Tim Boyd first started building model cars in the early 1960s, and he quickly began to compete in contests at the national level. In his college years, he began to realize that he could find and collect older model car kits that were no longer available brand new for a very reasonable price. It was then that he became an avid kit collector.

In addition to collecting, Tim wrote articles about model cars for magazines such as Street Rodder and Scale Auto Magazine. Some of these articles included kit histories, wherein he would take a genre such as muscle cars, hot rods, or pickup trucks and put together a photographic and informational summary of all the older, no longer available kits. He also has written several books about model car collecting.

His experience writing about model car kits has allowed him to become more knowledgeable and active in the hobby itself. It has also provided a great backdrop for his successful career in the automotive industry, where he worked at a senior level in both marketing and design for many years. “A lot of people in the auto industry have built and/or collected model cars,” he explains. “The model car world is a subset of the overall automotive world. A lot of people who have a favorite full-size car have a kit that replicates that car.”

The first kit that Tim ever bought was a Revel replica of a 1962 Dodge Lancer GT Hardtop. “I glued it together and it looked horrible, but as a seven-year-old, I was happy with it.” The first kit that he purchased as a serious collector was in 1974, when he purchased the first production issue of the AMT Trophy Series George Barris Ala Kart Double Kit, which was introduced in 1962.

The modern era model car kit hobby got started in 1958 with AMT’s “3 in 1” customizing kits, and it picked up steam in the early 1960s. At that time, many young boys were building model cars. The majority of kits in Tim’s collection are from the 1960s and onward. “Today, model car collecting is an adult hobby, and a lot of people collect kits,” he shares. “It’s something people enjoy doing as it reminds them of a younger part of their life. You can participate in the automotive hobby without paying for the maintenance, insurance, and storage of a real classic car.”

There are several thousand kits in Tim’s collection. As far as his collection goes, Tim considers it to be nothing special in comparison to other collectors, as there are people with much larger collections than what he has. Everything he has is kept in a storage facility and is organized by type, such as semi-trucks, trailers, muscle cars, hot rods, racing kits, and European exotics.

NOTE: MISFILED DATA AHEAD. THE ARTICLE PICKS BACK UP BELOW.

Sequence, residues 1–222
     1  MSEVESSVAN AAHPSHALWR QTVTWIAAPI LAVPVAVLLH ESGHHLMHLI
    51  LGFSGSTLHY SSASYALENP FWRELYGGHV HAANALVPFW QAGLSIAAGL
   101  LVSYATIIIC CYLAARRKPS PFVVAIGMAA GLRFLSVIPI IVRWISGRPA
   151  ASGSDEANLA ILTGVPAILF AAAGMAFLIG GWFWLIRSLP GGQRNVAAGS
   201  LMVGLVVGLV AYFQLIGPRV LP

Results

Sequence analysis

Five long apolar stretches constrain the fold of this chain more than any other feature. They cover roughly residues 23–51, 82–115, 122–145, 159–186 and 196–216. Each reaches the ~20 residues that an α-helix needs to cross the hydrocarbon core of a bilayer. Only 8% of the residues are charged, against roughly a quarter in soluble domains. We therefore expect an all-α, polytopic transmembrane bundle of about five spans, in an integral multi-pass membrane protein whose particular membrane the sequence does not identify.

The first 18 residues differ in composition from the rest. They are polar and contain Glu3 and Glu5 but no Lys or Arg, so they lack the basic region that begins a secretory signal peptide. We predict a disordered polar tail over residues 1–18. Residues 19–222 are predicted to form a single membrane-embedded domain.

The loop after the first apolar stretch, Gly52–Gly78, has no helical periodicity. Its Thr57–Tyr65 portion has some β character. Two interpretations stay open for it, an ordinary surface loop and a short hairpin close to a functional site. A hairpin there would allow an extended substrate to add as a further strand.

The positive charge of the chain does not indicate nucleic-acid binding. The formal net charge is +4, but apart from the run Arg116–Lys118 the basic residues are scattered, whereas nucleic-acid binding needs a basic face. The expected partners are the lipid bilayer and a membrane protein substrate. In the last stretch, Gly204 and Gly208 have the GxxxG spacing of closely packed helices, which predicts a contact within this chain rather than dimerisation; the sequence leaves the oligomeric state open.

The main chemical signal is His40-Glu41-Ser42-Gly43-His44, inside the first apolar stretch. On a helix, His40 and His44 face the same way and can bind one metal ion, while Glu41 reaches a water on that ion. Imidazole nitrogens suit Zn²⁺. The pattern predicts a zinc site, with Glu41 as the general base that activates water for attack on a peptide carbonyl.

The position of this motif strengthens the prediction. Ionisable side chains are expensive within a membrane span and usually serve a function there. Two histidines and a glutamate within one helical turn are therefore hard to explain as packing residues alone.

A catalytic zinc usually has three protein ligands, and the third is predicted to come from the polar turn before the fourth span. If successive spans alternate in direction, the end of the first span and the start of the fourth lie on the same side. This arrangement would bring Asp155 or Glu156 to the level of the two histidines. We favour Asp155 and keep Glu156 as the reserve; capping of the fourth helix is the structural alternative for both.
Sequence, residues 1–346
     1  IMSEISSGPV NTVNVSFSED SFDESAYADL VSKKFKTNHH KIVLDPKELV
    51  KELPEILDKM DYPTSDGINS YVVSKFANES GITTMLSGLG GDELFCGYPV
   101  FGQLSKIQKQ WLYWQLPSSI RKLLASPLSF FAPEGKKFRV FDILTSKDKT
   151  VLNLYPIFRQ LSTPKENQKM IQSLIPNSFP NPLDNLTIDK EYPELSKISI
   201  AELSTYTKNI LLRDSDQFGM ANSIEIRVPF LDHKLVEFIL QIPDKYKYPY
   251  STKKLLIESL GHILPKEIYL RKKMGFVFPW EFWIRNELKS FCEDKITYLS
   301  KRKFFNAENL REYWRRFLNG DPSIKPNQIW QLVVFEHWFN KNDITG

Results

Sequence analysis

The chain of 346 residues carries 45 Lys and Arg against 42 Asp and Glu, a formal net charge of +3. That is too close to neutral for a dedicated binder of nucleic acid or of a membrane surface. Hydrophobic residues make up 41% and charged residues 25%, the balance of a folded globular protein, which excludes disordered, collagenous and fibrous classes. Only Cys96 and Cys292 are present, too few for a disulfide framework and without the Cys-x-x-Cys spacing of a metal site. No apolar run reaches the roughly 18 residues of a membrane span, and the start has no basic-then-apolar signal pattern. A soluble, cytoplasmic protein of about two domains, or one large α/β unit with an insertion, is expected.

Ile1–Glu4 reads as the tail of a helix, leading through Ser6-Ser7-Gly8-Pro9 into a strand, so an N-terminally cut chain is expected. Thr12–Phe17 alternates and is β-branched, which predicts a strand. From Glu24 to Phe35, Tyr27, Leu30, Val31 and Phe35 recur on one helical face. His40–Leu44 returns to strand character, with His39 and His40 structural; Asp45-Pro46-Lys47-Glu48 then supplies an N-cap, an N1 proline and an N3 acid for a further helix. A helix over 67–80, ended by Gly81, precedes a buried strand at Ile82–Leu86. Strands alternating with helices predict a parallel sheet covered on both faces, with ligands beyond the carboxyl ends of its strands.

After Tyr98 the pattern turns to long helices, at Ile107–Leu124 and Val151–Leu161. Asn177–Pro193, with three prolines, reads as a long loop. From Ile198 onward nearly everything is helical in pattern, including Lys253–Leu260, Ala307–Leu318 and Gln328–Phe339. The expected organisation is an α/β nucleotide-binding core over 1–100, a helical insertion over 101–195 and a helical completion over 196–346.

Keeping his collection organized has been helpful for Tim as he continues to write articles and books about collecting for magazines such as Fine Scale Modeler and Model Cars Magazine. His two recently published books are a great resource for those interested in collecting, and they provide a lot of background, including the history of kit makers and why certain kits are more valuable than others. Collecting Muscle Car Model Kits was published in 2018 and Collecting Drag Racing Model Kits was published in 2020, both by CarTech Publications.

About Collectibles Insurance Services

Collectibles Insurance Services has been protecting collections since 1966 and all coverage is provided by a carrier with a group rating of “A” (Excellent) by AM Best, the leading rating agency for the insurance industry.

Comprehensive coverage includes, but is not limited to: accidental breakage, burglary, fire, flood, loss in the mail, theft, natural disasters, and other causes of loss unless specifically excluded from the policy. Deductibles start at $0 for collector policies and we provide coverage for the market value of your collection for losses in excess of $50.

Additionally the protection extends At home and away, and we don't require collection itemization and serial number nor extensive paperwork and red tape.